Because the place of sacred music is so important, I am issuing this pastoral letter on the nature, purpose and quality of sacred music. This is an important discussion to have, since so often the music selected for Mass is reduced to a matter of subjective “taste,” i.e. what style of music appeals to this or that person or group, as if there were no objective principles to be followed. There are indeed objective principles worthy of study and proper implementation, as will be shown.

  11. THREEHEARTS says:

    As the Jesuits used to teach, “We have free will, must inform our conscience and the we make the burden of choice”.

  12. JabbaPapa says:

    SenexCalvus says:

    Do you realize, dear readers, that Pope Bergoglio has broken faith with the unanimous teaching of his predecessors?

    You seem not to have fully digested Monseigneur Sample’s clear explanations and clarifications ; only misinterpretations and misuse of the Exhortation can lead to such conclusions ; and a hermeneutic of rupture.

    As for Cardinal Vallini, his text for the Roman Archdiocese is entirely consistent with Archbishop Sample’s for his own.

  13. SenexCalvus says:

    Although my reading of Archbishop Sample’s text was cursory, nowhere did I see in it an acknowledgement that couples living in an objectively adulterous relationship might be admitted to communion, whereas Cardinal Vallini’s instructions do introduce that possibility. The former’s words struck me as a restatement of principles, the latter’s a proposal for implementing the change implied in AL and confirmed by the Pope’s leaked letter.

    Granted, Pope Bergoglio does not explicitly contradict Church teaching in AL; rather, he creates the sort of confusion that will result in a de facto, if not de iure, rupture with tradition. To allow for mutually contradictory sacramental disciplines without changing the underlying theological principles is his aim, as if one could make a silk purse out of a sow’s ear.

  14. SenexCalvus says:

    When I began my teaching career, a mentor offered me this advice: Don’t speak to be understood; speak so that you can’t possibly be misunderstood. Bishops and priests are teachers by virtue of their office. It is their duty to teach the faithful as clearly and unambiguously as possible. Anyone familiar with ecclesiastical Latin texts, whether doctrinal, juridical, or even liturgical, can attest to their clarity of expression. Anyone familiar with Roman texts knows that where ambiguity is found, it is intended by the author to create a particular effect in the reader. The confusion created by the current pope is no accident. It is like the naval or air bombardment that weakens an enemy stronghold in advance of an invasion.

  15. JabbaPapa says:

    Cardinal Vallini’s instructions do introduce that possibility

    No they don’t.

    They explicitly establish that a commitment to continence is a prerequisite of access to the Sacraments.

    The “complex cases” that some people have got into such a fuss about are NOT situations of objective unrepentant adultery ; they are situations that the Canon Law defines as constituting “putative nullity”, which are those where the Law has established what are the situations of Sacramental invalidity, but where the Courts have for whichever reasons been unable to declare any such invalidity canonically.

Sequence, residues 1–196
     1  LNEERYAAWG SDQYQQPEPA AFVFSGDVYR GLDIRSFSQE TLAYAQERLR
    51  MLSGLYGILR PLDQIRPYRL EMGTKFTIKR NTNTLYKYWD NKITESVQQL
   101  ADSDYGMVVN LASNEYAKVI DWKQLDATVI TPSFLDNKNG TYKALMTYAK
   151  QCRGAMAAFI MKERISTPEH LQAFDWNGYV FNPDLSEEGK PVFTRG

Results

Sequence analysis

To claim that a “complex case” means simple and ongoing adultery is to warp vocabulary outside of ordinary meaning.

    When I began my teaching career, a mentor offered me this advice: Don’t speak to be understood; speak so that you can’t possibly be misunderstood. Bishops and priests are teachers by virtue of their office. It is their duty to teach the faithful as clearly and unambiguously as possible. Anyone familiar with ecclesiastical Latin texts, whether doctrinal, juridical, or even liturgical, can attest to their clarity of expression. Anyone familiar with Roman texts knows that where ambiguity is found, it is intended by the author to create a particular effect in the reader. The confusion created by the current pope is no accident. It is like the naval or air bombardment that weakens an enemy stronghold in advance of an invasion.

    Sorry, but that’s a paranoid narrative ; and a very tortured one, presuming all manner of imaginary purposes outside the teaching of the Magisterium — correct interpretation of discourse shuns the addition of extraneous meaning(s) that are not provided by the actual words that are used.

    NOBODY can “authorise” any sort of “eucharistic adultery” as belonging to the Church, and certainly the Roman Pontiff did no such thing, particularly as he explicitly denounced such Error during the Synod.

    Your claims against the Pope are based on nothing that he has ever taught anywhere.

  16. robtbrown says:

    The events of the past couple of years (e.g., Cupich to Chicago, new Cardinals, Amoris Laetitia) are hardly surprising.

    JPII’s teaching on sexual morality is excellent. Unfortunately, he left a neo Con Church: Sound Catholic moral theology affixed has been affixed to Eucharistic Liturgy that is Protestant in Form but Catholic in Content (at least with the Form doesn’t usurp the Content) .

    There is no way such a structure would hold.

  17. DonL says:

    “The role of the conscience is to APPLY moral value, not to CREATE moral value.”
    I assume that likewise, no priest, bishop or pope can “create new truths or even sins” merely define them and “forgive them.

  18. robtbrown says:

    Should be:

    JPII’s teaching on sexual morality is excellent. Unfortunately, he left a neo Con Church: Sound Catholic moral theology affixed to Eucharistic Liturgy that is Protestant in Form but Catholic in Content (at least when the Form doesn’t usurp the Content) .